We compared the state of activation and proliferation of T cells in synovial tissue (ST) from rheumatoid arthritis (RA) patients in early and late stages of the disease to find out whether T-cell-driven immune responses vary during the course of the disease. ST was obtained from 12 patients with early RA (< 1 year) and 12 patients with longstanding RA (> 5 years). T cells and interferon-gamma (IFN-gamma)-positive cells were detected in ST using immunohistologic methods. To determine the percentage of T cells expressing the interleukin-2 receptor, IFN-gamma, or the proliferation associated antigen Ki-67, immunofluorescence double-staining techniques were used. The scores for the number of T cells and for the expression of IFN-gamma as well as the percentages of T cells expressing CD25, IFN-gamma, or Ki-67 in rheumatoid synovium were not dependent on disease duration. These results do not support the assumption that the responsiveness of T cells in ST of RA patients differs between early and late stages of the disease. The data indicate that at present no arguments exist that the effect of T-cell-directed interventions on synovial inflammation might vary in different stages of the disease.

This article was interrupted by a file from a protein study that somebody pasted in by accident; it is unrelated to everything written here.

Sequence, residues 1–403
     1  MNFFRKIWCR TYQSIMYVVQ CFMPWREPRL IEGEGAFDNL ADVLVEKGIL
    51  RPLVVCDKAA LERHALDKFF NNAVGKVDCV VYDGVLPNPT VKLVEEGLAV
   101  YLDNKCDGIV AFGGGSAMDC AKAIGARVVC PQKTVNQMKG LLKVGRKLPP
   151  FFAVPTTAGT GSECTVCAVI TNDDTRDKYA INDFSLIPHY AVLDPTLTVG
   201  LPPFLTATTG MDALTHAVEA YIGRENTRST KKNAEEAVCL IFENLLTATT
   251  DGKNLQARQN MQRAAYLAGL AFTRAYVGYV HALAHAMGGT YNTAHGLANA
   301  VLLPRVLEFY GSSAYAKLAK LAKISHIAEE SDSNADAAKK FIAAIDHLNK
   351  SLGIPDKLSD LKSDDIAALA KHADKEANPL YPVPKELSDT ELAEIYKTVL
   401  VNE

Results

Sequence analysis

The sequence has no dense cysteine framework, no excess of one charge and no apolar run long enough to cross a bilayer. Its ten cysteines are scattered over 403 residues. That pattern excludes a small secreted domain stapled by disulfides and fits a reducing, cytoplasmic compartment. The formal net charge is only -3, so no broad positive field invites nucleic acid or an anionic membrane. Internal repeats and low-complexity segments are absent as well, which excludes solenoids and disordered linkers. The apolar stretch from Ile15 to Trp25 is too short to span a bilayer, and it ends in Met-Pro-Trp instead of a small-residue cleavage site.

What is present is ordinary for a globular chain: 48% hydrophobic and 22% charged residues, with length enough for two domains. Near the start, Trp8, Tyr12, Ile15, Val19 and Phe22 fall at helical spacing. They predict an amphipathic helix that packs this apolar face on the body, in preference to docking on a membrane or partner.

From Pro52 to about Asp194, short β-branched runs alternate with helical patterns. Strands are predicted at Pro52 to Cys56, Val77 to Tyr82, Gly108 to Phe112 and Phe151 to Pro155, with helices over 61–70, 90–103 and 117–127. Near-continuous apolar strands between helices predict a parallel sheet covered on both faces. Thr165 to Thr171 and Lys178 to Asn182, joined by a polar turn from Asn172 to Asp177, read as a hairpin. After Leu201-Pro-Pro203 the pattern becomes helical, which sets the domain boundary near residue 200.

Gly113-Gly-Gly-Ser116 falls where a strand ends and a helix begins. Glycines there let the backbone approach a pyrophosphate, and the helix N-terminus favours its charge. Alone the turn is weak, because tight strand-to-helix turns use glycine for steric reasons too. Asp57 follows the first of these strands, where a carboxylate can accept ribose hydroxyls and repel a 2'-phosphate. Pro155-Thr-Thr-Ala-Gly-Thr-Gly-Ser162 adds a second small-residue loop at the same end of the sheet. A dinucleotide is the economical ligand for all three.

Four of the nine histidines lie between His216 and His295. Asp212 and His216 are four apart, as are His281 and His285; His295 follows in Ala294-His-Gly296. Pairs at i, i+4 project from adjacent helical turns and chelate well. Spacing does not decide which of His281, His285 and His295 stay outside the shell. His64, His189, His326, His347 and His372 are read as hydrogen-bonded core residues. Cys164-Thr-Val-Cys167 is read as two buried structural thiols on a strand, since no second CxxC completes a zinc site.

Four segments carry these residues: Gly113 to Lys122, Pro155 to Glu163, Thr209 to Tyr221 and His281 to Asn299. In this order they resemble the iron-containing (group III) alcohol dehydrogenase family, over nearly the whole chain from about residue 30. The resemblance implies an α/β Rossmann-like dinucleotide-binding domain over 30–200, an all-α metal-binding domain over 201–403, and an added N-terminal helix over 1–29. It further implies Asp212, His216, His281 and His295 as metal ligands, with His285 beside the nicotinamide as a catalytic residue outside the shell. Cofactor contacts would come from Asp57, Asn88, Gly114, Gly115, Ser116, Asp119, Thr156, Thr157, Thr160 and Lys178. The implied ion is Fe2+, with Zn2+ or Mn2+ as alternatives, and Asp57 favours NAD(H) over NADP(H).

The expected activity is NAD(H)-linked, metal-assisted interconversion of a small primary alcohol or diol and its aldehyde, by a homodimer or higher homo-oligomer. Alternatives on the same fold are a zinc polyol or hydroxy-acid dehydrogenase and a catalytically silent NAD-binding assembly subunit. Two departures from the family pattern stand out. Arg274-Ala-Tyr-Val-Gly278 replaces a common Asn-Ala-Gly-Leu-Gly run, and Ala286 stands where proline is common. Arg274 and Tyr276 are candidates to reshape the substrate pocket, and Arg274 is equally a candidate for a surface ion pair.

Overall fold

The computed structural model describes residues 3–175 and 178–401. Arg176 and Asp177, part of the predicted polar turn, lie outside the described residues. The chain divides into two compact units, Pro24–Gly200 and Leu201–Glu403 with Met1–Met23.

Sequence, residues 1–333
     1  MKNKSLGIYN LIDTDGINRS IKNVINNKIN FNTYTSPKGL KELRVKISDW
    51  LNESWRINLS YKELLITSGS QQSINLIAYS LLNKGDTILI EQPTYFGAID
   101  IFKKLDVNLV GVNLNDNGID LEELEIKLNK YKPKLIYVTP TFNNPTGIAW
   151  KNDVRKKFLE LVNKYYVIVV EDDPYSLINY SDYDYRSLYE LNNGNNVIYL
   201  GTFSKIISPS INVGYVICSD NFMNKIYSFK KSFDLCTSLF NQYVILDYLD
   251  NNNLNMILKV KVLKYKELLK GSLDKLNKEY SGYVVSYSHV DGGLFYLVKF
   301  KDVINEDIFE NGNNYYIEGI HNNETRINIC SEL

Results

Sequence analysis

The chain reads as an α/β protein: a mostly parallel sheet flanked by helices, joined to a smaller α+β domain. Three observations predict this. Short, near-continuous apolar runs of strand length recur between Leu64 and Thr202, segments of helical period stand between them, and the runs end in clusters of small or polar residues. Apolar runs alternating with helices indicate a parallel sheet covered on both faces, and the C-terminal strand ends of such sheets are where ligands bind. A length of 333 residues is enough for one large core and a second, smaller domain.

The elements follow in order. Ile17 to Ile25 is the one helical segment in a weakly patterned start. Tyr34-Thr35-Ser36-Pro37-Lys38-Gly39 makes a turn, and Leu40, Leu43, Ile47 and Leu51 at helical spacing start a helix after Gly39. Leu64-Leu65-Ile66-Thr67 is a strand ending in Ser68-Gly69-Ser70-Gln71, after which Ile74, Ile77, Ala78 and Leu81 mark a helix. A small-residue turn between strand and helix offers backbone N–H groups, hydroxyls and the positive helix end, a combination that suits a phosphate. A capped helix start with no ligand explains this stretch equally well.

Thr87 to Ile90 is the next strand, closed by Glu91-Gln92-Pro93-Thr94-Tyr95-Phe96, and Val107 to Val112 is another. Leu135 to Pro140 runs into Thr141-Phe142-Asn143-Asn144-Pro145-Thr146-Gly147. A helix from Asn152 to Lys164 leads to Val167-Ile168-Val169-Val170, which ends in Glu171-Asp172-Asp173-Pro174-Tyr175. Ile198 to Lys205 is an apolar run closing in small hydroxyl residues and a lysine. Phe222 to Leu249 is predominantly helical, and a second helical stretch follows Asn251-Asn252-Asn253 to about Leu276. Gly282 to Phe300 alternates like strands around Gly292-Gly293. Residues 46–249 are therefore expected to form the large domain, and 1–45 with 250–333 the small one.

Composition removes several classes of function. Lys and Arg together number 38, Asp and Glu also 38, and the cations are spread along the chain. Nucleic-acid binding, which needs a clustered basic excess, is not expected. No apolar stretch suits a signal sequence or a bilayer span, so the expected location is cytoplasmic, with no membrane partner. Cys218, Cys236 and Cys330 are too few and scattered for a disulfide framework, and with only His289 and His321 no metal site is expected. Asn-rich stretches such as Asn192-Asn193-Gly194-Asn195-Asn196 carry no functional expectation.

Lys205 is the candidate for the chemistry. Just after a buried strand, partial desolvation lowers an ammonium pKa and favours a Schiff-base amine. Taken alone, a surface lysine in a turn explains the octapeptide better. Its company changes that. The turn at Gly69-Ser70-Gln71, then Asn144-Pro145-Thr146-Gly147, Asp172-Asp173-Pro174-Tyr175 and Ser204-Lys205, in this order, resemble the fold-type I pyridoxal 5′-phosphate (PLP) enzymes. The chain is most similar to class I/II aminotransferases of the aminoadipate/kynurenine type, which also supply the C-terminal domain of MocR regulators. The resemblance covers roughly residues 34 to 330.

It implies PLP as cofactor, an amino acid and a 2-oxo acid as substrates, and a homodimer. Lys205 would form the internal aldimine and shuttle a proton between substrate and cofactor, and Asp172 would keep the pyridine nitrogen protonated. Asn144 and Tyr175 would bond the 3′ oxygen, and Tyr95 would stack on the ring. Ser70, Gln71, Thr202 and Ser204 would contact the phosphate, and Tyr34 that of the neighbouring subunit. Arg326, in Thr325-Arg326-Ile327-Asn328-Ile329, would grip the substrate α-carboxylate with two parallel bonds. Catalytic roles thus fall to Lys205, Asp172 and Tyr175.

Copyright 1998 Academic Press.